5 min read
Why big banks are creating challengers: Leaving a legacy
Incumbent banks’ approach to becoming modern digital beasts is like a 60-year-old athlete trying to compete in the Olympics.
All the AI and mobile front-end work in the world isn’t going to help the body work faster, but the knowledge of that older athlete? Now that’s valuable. A 60-year-old athlete when working with a younger athlete, with newer technology, well, that could be magic.
When Goldman launched Marcus, the immediate reaction of most bankers I spoke to was to miss the point. I heard “This isn’t new, it’s just buying customers with a big savings rate”. Of course they bought customers with a savings rate; Marcus by Goldman launched in the UK with the best savings rate on the market for an immediate access account, but that missed the point for me.
What many missed is that Marcus by Goldman was completely greenfield. The brand had evolved for consumers, the banking and data knowledge Goldman has built for generations was baked in, but the body of the athlete, the tech, that was fresh and that’s exciting.
I think we have an epidemic of senior bankers who are accountants and can’t help but look at the market and the business model as if the game hasn’t changed. To look at a market in which billion-dollar fintechs and big technology companies are being built and say “nothing is new under the sun” is dangerous.
Legacy tech forces legacy operating models
The phrase that makes me want to scream into a pillow is 'Agile at Scale'. It’s a phrase used by banks who are applying the principles of Agile on top of 40- to 50-year-old tech and 100-year-old business processes.
Some banks and FIs are doing amazing things with legacy technology and banks continue to be the backbone of the global economy, but taking legacy technology and legacy business processes into the 21st century is like trying to jump while your feet are cemented to the floor.
If your mainframe requires an outage to push code releases and all of your systems are hardwired into that mainframe, guess what? Proper DevOps will remain elusive and no amount of 'McLego Bricks' are going to help. The importance of this shift is completely missing from mainstream strategy discourse.
From digitized to digital
11:FS Deputy CEO Jason Bates has been using the terms 'Digitized' and 'Digital' to help explain this shift. Newspapers illustrate it best.
Remember when the iPad first launched and you could get newspapers on it? Bright shiny digitized newspapers? It sounded great, until you realised you had a newspaper that ran out of battery and cost a lot more if you dropped it. The only winner from the 'digitized' newspaper was the publisher. The customer didn’t win, the customer didn’t get anything new.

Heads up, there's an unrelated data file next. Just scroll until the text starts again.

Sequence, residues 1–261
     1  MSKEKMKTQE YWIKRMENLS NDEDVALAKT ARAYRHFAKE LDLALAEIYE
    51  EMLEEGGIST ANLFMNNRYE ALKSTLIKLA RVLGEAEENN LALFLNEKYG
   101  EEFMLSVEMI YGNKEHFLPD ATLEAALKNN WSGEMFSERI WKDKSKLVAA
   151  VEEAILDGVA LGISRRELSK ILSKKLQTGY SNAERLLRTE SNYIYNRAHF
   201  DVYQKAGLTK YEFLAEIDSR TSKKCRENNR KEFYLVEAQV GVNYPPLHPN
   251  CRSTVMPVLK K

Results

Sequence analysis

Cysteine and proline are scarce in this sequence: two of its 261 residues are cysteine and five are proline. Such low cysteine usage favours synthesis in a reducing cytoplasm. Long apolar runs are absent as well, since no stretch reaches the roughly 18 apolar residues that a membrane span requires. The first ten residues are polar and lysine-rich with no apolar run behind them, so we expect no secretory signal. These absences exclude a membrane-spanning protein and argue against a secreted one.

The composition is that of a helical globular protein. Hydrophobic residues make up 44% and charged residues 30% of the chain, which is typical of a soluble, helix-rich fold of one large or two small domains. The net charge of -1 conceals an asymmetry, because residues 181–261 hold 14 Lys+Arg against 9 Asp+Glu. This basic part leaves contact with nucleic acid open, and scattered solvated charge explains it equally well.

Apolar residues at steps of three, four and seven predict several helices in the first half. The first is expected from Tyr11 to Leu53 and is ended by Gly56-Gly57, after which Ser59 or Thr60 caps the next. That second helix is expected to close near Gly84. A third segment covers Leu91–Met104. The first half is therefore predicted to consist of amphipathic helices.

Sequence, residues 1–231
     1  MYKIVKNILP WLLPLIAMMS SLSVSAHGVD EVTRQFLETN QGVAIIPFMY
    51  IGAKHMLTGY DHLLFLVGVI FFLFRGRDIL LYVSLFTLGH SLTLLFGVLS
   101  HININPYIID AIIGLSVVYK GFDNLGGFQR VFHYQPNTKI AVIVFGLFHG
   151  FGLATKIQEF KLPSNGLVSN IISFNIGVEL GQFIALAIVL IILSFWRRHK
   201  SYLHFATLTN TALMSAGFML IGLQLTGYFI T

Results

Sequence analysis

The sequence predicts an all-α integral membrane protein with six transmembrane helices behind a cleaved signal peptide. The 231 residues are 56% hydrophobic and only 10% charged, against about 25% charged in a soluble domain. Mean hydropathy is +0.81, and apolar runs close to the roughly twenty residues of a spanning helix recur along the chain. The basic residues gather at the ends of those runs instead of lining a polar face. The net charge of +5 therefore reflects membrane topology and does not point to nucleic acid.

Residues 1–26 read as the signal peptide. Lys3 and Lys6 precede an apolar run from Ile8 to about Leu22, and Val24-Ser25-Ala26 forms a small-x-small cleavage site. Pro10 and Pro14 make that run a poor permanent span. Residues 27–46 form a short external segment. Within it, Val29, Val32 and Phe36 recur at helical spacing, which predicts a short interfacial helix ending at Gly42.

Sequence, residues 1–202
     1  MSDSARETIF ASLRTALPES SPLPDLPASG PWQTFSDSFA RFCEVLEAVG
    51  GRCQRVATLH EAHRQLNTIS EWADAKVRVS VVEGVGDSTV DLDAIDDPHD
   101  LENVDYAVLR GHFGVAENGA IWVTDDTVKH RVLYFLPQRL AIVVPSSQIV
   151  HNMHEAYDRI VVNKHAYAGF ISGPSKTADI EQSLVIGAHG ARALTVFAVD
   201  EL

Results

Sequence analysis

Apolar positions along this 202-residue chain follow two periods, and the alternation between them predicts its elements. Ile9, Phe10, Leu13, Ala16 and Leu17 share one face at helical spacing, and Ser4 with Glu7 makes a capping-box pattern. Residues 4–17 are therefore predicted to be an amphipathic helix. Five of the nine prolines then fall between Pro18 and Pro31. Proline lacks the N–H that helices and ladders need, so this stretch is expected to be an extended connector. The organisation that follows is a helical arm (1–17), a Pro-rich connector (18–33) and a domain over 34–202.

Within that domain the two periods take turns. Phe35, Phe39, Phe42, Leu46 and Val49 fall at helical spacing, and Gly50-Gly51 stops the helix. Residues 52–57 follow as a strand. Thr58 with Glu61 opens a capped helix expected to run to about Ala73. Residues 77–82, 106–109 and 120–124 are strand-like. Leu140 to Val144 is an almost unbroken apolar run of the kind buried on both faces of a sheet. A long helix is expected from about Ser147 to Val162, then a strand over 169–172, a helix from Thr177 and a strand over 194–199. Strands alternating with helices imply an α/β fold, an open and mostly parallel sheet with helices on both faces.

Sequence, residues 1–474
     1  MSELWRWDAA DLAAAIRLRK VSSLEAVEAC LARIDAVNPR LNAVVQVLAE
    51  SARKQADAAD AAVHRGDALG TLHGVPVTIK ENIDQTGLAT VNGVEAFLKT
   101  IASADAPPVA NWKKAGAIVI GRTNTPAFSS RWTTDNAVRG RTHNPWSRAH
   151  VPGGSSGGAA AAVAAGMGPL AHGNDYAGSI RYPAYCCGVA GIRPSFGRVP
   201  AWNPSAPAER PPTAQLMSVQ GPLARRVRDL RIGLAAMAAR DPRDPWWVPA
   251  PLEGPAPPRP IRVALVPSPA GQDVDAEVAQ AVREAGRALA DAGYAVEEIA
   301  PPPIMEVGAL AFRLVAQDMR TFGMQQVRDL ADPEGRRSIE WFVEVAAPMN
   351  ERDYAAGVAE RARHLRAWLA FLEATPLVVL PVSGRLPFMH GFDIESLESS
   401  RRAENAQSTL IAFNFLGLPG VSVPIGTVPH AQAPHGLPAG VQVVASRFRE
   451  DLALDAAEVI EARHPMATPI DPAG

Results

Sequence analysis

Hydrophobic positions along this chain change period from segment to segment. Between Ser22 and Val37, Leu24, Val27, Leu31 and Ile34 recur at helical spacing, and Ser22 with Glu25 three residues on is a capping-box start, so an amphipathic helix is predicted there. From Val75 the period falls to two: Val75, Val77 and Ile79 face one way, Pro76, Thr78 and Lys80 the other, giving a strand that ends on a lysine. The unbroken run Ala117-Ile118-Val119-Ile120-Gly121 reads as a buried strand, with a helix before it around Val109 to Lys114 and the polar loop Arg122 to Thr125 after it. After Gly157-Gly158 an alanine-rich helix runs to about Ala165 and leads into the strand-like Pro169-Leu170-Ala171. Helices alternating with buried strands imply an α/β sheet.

Now consider Netflix or Spotify. They could have shifted from DVD sales to selling feature length movies through an online portal (in fact, Netflix sort of did let you rent movies in the mail as an interim step). What customers got instead is an online platform of more movies than they could ever watch. This only happened because they used the digital powers of new technology. They didn’t try to integrate a revolutionary service back into a pre-existing business.
New tech forces new operating models*
* If you’re digital all the way down.
Being born digital is fundamentally different. When something is built for the first time, it is rarely expected to support millions of customers and be regulated. The first, test bit of code really only needs to give the organisation some learning. Much like a human child, we don’t expect it to be 'at scale' yet, but it’s pretty agile.
If this is the child of an athlete, that athlete can pass on wisdom. If the tech is the greenfield efforts of a banking organisation, it can benefit from past successes with the added benefit of an entirely new operating model.
The huge benefit of new technology is it doesn’t have to wait for a weekend outage, battle to get on the roadmap or the complexity of business processes that are over 100 years old. A blank sheet of paper can be an unfair advantage. When combined with the legacy of knowledge and experience of a big bank, it’s a huge unfair advantage. It’s why we see Yolt by ING taking personal finance by storm, or Mettle by Natwest. To compete with big techs and fintechs, more organisations will build their own challenger.
Building your challenger
There is no game plan for raising a child to be a successful athlete, and similarly, there is no process map to becoming a successful challenger. However, when you look at things that succeed and things that fail you can identify some trends.
When things fail, some patterns emerge. Banks look for the 'top down' strategy (e.g. bring in big McStratHouse) to come up with a comprehensive five-year plan. Now, imagine the comprehensive five-year plan to raising a child, or even a dog. It’s not effective for challengers and not what startups do. Other symptoms include comprehensive org charts, program offices, and more than five vendors involved. Heavy upfront spending commitments is another thing to look out for because it’s almost as if a big budget is the same as success, when in reality it is absolutely not!
There are also patterns when bank challengers succeed. Yolt by ING started with less than five people, and when 11:FS started Mettle the team was less than five people too. You see a focus on two things: 1) Talking to customers and 2) Writing code.
The interesting thing with this type of project is they get seen as a sort of 'moonshot' like Google’s self-driving cars efforts. In reality, everything starts simply. Begin with a customer problem, and work from the bottom up to strategy.
How well do you really know the customer problem? And how is that shaping the product you're building?